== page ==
- Deferment or forbearance: Depending on your situation, you may be eligible for deferment or forbearance on your monthly payments. Options will vary based on your circumstances.
- Other repayment plans: You can opt for a graduated repayment plan, which starts with lower payments that increase over time, or an extended repayment plan, which can go as long as 25 years.
Parent PLUS Loan vs. Private Student Loans
Parents can also obtain financing from private lenders to help their child pay for college. However, there are some key differences between federal and private parent loans:
- Eligibility requirements: While both require a credit check, private lenders have more stringent creditworthiness requirements and may deny you if your credit score or income is too low.
- Interest rates: While parent PLUS loans only come with fixed interest rates, private lenders may offer both fixed and variable rates. Additionally, private lenders offer a range of interest rates, which are dependent on your creditworthiness. Depending on your situation, you may get a lower or higher rate than what the Department of Education offers.
- Fees: Parent PLUS loans come with a relatively high upfront fee, while private lenders typically don't charge one.
- Repayment: Both federal and private parent loans require immediate repayment, but while parent PLUS loans can be deferred if you request it, that's not the case with private loans.
- Relief options: You won't get access to income-driven repayment or loan forgiveness programs with private loans. Additionally, private lenders typically offer less generous deferment and forbearance options if you can't afford your payments.
If your financial situation is in excellent shape and you can get a lower interest rate with a private lender, it can make sense to go with private parent loans over parent PLUS loans. That's especially true if you don't anticipate needing access to federal relief programs.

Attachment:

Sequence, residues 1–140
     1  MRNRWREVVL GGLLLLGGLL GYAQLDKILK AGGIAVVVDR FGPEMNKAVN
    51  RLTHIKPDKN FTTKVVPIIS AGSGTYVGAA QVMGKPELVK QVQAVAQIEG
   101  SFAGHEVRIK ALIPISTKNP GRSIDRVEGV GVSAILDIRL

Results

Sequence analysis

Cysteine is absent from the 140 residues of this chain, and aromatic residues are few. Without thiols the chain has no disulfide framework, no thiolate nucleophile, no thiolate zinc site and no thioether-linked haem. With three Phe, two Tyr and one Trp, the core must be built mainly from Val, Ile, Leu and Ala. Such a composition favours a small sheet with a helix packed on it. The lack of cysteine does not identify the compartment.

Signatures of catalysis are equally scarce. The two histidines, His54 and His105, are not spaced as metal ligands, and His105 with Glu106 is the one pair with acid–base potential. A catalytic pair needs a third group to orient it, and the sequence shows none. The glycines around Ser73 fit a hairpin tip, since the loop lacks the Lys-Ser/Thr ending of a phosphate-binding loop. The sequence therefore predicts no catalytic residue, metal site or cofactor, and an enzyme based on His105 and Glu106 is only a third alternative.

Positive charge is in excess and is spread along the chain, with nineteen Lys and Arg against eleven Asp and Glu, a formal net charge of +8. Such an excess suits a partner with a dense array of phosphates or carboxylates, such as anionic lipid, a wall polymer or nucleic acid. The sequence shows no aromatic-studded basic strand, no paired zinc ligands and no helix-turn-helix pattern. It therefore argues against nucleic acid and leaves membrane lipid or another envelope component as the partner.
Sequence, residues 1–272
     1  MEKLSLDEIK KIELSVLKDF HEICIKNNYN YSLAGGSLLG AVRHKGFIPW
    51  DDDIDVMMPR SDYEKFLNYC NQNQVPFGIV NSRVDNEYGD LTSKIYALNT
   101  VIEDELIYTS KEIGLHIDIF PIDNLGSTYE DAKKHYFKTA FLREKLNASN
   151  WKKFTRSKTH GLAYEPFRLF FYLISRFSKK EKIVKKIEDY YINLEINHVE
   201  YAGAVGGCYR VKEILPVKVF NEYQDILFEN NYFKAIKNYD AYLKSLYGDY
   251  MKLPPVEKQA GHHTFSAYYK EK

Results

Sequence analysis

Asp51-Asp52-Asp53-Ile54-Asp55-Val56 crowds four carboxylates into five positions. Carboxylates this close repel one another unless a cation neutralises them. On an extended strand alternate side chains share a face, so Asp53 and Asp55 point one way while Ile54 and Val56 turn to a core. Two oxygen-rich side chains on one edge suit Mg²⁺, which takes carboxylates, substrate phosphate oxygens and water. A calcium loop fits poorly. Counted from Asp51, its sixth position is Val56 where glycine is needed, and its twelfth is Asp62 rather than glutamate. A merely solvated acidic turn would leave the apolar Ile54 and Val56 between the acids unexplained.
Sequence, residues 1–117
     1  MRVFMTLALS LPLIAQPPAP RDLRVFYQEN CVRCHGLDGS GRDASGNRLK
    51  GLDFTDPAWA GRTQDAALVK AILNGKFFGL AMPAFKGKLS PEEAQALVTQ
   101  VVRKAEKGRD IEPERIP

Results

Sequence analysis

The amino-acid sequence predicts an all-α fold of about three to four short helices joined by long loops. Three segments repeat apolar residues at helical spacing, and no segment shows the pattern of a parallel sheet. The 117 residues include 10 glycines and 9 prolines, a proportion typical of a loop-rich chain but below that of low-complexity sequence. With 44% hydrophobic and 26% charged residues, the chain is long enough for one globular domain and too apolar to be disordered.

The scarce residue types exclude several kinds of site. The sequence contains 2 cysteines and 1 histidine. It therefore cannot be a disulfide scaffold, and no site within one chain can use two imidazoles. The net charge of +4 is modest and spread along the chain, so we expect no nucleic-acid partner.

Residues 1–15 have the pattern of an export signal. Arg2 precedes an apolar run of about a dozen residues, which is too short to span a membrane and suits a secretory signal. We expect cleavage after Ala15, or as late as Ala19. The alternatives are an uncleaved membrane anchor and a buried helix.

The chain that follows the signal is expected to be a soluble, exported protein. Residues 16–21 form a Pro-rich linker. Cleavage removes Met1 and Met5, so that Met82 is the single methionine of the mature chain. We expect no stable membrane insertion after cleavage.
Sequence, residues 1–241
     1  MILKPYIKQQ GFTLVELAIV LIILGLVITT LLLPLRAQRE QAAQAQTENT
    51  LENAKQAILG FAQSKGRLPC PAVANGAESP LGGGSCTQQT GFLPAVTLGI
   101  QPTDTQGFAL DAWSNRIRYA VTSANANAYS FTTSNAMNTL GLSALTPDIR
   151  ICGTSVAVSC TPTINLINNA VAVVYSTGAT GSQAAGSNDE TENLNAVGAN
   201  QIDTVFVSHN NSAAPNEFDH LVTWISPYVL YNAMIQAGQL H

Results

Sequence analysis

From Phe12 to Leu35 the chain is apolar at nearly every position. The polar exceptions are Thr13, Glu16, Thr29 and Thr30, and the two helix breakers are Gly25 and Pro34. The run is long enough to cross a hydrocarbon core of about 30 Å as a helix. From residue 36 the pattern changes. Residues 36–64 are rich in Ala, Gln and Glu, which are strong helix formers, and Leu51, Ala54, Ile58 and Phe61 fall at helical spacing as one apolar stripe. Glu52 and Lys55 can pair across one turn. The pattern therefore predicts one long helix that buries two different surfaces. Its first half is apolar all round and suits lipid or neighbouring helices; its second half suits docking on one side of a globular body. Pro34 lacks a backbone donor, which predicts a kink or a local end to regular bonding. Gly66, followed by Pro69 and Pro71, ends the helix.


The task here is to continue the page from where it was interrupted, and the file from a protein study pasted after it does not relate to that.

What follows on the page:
If your financial future is in question, though, or your credit isn't good enough to qualify for a low rate on a private loan, opt for federal loans.
How Do Parent Student Loans Impact Your Credit?
Additionally, adding a new credit account will affect your length of credit history and total amount owed. If you make on-time payments, your parent loans can help you build your credit score. But if you miss even one payment by 30 days or more, it can have a significant negative impact on your credit profile and remain on your credit reports for seven years.
Paying off the loan can positively or negatively affect your score, depending on the circumstances. Note, however, that positive payment history will remain on your credit reports for 10 years.
As a result, it's crucial that you apply for parent student loans only if you're confident that you'll be able to repay the debt.
Should You Apply for Parent Student Loans?
Before you apply for parent PLUS loans or private parent loans, consider the potential impact on your finances, particularly if you're close to retirement age.
If your child can qualify for federal undergraduate loans with lower interest rates—especially if they can get subsidized loans—it may be better for them to apply instead of you. If you still want to help, you can even agree to make the monthly payments. That way, you may be able to save money, and the loans won't impact your credit.
It's also a good idea to encourage your child to look for other ways to pay for college, including scholarships, grants and part-time work.
But if federal loans aren't an option for your child or they need more money than they can borrow, parent loans can be a good way to supplement their efforts.